She loves the first one or two tiny cotyledons
of every plant reaching for the light not knowing their origins.

She carries the seeds of all the worlds in the brown paper envelopes
in her pockets rustling when she walks, so carefully labelled
in the language of Old Mother Universe only she knows – 
the names, the dates, the places, so distant…

With them she will build her sanctuary
beyond the trowelling
of my pulse.

III.

Since then, slowly, imperceptibly, the miles between us have closed.

I’ve been patient. I’ve completed my traineeship. I’ve moved on into a new job as a graduate ecologist in which I’ve been faced with a whole new set of challenges. Not only learning to carry out new surveys but a whole new skillset on the admin side – providing quotes, carrying out desktop studies, writing reports, learning to see a job through from beginning to end.

It’s been a steep learning curve and not without its ups and downs. As an autistic person who likes routine and staying close to home I have struggled with travelling long distances to new places and, in particular, with night work.

One of the surveys is monitoring great created newt and wider amphibian populations as part of mitigation schemes on developments. This involves arriving before sunset to set bottle traps, waiting until after sunset to survey for newts by torchlight (as they’re active after dark), then returning early in the morning to empty the bottle traps. This work can only be done in the company of an experienced licence holder who is qualified to handle the newts.

It’s fascinating work and it is a privilege to see these beautiful creatures up close. It’s also a shake-up to my routine, most days get up at 4.30am to do my devotions, meditate, study, and go to the gym or run before cycling to work for 9am, finishing at 5pm, eating, winding down, and being asleep by 8.30pm.

I’ve been lucky to be part of a team who are not only incredibly knowledgeable and experienced, but also supportive and mental health aware. I’ve been able to be open with them about my autism and the anxiety that stems from it from the start. For now, my manager has allowed me to start no earlier than 8am, so that I have time for spirituality and exercise, which are both essential for my mental health, and to do only one night a week.

They have been patient with me and, although I’ve felt like I’ve been slow, looking back, over just a month and a half I have learnt a huge suite of new skills, from assessing habitats and writing species lists on Preliminary Ecological Assessments, wading up rivers looking for otter spraints and prints, investigating buildings for signs of bats, to mastering the routine admin.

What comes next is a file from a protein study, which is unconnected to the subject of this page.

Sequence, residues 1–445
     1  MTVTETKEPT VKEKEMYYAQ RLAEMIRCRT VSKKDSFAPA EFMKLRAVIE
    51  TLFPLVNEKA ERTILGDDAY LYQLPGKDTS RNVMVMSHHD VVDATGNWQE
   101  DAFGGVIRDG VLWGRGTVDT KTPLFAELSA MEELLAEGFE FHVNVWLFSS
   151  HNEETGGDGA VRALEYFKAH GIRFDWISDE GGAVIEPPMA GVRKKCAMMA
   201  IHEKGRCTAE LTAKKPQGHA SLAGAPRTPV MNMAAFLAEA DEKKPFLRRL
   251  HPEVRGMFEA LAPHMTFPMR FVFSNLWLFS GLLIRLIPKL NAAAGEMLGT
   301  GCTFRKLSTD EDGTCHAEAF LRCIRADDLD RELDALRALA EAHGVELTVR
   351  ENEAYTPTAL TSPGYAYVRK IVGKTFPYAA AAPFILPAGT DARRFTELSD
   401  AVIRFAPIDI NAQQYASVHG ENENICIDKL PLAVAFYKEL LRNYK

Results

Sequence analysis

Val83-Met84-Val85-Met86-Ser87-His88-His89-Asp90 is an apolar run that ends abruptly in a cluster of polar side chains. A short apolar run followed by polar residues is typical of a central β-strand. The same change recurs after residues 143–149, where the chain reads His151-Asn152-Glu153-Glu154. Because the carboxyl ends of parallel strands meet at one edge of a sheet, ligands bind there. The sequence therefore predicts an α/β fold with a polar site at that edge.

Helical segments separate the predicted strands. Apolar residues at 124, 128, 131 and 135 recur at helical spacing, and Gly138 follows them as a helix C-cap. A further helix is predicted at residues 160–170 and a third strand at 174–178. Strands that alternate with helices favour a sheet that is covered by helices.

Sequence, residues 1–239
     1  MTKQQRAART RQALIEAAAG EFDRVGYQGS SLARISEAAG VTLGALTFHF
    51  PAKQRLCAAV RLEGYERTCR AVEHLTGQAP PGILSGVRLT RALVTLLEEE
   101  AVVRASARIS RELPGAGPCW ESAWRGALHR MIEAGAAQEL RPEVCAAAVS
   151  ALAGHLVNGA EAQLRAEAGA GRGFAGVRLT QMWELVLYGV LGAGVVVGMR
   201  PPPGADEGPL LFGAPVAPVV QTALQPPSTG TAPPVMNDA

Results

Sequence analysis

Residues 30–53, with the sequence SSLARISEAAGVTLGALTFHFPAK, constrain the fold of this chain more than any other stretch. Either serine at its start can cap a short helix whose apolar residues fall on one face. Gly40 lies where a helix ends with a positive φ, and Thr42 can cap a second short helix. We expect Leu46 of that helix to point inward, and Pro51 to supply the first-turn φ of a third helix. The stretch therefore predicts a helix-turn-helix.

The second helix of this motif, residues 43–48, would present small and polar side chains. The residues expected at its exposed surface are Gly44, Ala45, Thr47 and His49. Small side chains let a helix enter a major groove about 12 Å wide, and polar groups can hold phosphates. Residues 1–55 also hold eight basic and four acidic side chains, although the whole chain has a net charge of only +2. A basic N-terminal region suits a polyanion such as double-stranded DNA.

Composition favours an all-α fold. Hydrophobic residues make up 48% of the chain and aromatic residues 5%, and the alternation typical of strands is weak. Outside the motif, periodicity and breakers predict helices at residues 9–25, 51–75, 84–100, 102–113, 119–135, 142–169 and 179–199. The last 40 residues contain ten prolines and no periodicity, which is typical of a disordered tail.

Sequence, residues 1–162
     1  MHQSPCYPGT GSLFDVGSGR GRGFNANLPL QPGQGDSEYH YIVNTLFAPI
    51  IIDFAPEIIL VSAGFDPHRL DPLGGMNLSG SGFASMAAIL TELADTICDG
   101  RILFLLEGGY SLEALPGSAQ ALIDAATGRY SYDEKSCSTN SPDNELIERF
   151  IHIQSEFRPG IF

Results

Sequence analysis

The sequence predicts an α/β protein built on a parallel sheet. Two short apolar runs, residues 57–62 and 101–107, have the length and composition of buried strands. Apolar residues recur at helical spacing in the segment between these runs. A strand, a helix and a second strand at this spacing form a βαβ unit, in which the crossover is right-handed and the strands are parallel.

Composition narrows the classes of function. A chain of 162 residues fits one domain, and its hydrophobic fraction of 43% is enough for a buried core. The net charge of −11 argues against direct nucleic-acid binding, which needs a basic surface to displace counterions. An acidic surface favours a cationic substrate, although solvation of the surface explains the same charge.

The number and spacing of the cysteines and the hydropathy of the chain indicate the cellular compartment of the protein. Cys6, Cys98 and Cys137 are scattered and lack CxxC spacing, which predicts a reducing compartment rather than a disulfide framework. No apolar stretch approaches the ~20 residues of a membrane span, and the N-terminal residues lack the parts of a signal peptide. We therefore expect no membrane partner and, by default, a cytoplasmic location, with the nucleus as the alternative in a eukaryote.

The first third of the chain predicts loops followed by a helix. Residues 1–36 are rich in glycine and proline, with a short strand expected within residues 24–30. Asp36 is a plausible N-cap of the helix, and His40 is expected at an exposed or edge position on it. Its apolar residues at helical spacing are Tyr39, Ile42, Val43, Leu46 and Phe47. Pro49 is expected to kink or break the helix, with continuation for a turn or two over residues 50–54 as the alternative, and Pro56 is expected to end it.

When I’ve been tired and shaken and overwhelmed I have walked with Sister Patience and together we have shaped her sanctuary in Creiddylad’s Garden.

IV.
I have been patient.

The garden is coming into bloom.

I have found a job where I belong and feel fulfilled.

On work days I am an ecologist and, in my own time, I am Sister Patience.

I’m hoping the two sister strands of my life will one day intertwine to become one and that this job will provide the financial grounds to shape my sanctuary and, perhaps, one day, build the Monastery of Annwn*.

*Whether this is meant to be a physical or spiritual place I don’t yet know…

In the Monastery of Annwn

there will be no rulers and there will be no rule.

All will uphold the virtues of their choosing.

Neither light nor dark will be banished
for they form the night sky and the stars –
the womb of Old Mother Universe.

Eating, drinking, fasting, will all be allowed
for all states of the cauldron must be embraced –
empty and full and there will be no divisions between
the ones who drink and the ones who stir as
this was the root of the original disaster.

There will be no good and there will be no bad.

We will exist in a world before sin existed.

The before that 365 plants come from and art
and who we bring to life with our songs.

There will be room for men and women and all between.

It will be accepted that we all are monsters.

The monstrous will be raised on high with the dragons,
spiralling, spiralling down, descending into
darkness, sleepily drunk on mead.

We will be visible and invisible.

No-one will see that we wear our habits
like invisible cloaks as we got about our daily lives.

No-one will see the Monastery of Annwn because
it lies beyond doors and walls and no-one
will read the forbidden books
in our personal libraries

because they lie unwritten
on the dark shelves of our souls.

No-one will be able to read our motivations.

I ask is this monastery meant to be built?

If I build a monastery will they come?

Or will it always be a rule of one?

The Vision of Ceridwen

I’m the broken bird-thing
at her table again

her wizened hand